By Christine Byrd, Communications Director
A group of sixth graders from Los Angeles’ 99th Street Elementary School took a field trip on January 23 to the Base 11 Innovation Center in Compton, where they experienced project based learning with science, technology, engineering, arts and math (STEAM).
Inside the Innovation Center, students encountered design software, 3D printers, laser cutters, a CNC machine, and other industry-quality manufacturing equipment — most of them seeing these tools for the first time.
The Base 11 Innovation Center, located at Tomorrow’s Aeronautical Museum, opened in 2018. Built into an upcycled shipping container, this “makerspace in a box” is Base 11’s first facility located within the community instead of on a college campus, and is intended to be a resource for local students to gain hands-on skills in engineering that can lead to well-paid jobs or four-year college degrees.
“Thank you Base 11 for the awesome experience. Our students and teachers loved it. It’s not often that our students get to experience something as unique and worthwhile such as Base 11 in the area of STEM.”
—Marissa Borden, principal, 99th Street Elementary School
After an overview of the equipment, Base 11 Innovation Center Director Teniel Jones and Student Success Specialist Jade Kim led the students through an activity from NASA’s Engineering Design Challenge, “Gaining Traction on Mars.” Working in small teams, the students let their imaginations soar as they came up with a team name and used design software to develop logos that express their team identity — a challenge that required creativity and collaboration, as well as a little trial and error.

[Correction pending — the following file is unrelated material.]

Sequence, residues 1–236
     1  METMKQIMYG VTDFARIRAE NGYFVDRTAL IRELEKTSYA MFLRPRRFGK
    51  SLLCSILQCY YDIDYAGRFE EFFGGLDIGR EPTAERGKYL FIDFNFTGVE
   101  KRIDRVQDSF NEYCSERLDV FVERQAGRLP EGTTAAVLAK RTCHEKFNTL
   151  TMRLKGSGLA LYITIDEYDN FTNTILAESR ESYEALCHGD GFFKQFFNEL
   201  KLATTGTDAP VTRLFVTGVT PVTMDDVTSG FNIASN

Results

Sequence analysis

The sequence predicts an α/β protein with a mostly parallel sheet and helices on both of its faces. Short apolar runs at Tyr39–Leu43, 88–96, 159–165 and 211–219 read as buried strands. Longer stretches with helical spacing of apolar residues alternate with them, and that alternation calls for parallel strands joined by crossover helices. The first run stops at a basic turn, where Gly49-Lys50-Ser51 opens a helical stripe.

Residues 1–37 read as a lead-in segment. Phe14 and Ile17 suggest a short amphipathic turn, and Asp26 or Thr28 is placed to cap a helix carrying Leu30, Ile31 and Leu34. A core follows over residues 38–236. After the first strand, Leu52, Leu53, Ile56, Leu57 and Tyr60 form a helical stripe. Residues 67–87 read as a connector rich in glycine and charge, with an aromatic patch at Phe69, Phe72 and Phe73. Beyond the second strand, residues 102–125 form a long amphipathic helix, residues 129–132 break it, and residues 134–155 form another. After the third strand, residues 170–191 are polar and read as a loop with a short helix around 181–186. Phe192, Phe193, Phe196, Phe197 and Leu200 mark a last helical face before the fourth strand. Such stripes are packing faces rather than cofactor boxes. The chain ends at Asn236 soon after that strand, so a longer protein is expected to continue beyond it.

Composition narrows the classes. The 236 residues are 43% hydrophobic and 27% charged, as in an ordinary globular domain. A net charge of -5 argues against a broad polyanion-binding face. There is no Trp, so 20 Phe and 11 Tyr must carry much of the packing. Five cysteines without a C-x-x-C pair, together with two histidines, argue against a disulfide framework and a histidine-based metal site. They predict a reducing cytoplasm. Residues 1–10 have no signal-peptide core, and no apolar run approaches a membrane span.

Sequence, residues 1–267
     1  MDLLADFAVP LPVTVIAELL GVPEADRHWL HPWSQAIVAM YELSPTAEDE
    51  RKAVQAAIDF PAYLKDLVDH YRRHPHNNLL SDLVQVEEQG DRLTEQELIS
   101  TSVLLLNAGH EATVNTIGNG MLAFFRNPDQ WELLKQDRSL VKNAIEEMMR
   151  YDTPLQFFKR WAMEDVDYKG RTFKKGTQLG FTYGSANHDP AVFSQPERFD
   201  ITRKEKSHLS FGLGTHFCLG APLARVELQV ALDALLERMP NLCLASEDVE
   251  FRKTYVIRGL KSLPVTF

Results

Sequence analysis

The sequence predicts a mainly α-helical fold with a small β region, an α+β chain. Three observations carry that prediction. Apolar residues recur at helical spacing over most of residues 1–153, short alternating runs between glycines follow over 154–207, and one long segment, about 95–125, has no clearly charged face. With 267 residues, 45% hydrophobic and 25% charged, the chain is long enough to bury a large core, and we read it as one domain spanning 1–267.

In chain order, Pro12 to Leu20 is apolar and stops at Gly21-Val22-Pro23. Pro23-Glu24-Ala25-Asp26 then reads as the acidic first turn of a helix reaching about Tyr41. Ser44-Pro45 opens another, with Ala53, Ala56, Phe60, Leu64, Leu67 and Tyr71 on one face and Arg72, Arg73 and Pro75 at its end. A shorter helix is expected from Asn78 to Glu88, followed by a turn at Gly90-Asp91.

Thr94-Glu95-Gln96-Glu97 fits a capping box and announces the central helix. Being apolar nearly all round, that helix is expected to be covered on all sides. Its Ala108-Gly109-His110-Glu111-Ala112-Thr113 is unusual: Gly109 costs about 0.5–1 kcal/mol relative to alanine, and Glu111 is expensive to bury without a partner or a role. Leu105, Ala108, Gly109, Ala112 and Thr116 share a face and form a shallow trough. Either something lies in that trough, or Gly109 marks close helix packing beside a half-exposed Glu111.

After designing the badge, student Joshua Bernal said he learned two important lessons: “When you make a mistake, you can learn from it. And when you work as a team, you can get things done faster.”
The sixth graders also had the opportunity to ask questions of a real-life engineer in training: Base 11 Victory Circle student Ebony Warren, who is currently attending Santa Monica College and completed a Base 11 summer fellowship at UCI, where she designed, built, and programmed a Mars rover.
Warren answered questions from the younger students about what she does as a computer engineering student, how she became interested in computer engineering, and how she started a robotics club at her school.
“One of the big things I’ve learned from being an engineer is to just keep trying,” Warren said. “No matter how many times you fail, it’s only when you succeed that it matters.”
When asked what advice she wishes she could have given herself when she was in sixth grade, she told the students, “Take every opportunity — never brush something aside because you think you can do it later. You never know what course your life is going to take you in, so don’t waste any opportunity. Just go for it.”
Students were also treated to a tour of Tomorrow’s Aeronautical Museum, complete with an up-close look at a few of the helicopters and airplanes on site. The hands-on, project-based learning activity and others like it are possible thanks to grant funding from American Honda Foundation and MUFG Union Bank Foundation to support community collaborations and programming within the Base 11 Innovation Center in Compton.
Sixth grade teacher Juan Urquieta described the day as “A remarkable experience that sparked students’ interest into aviation and STEAM-related activities.”
To learn more about Base 11 Innovation Centers, click here.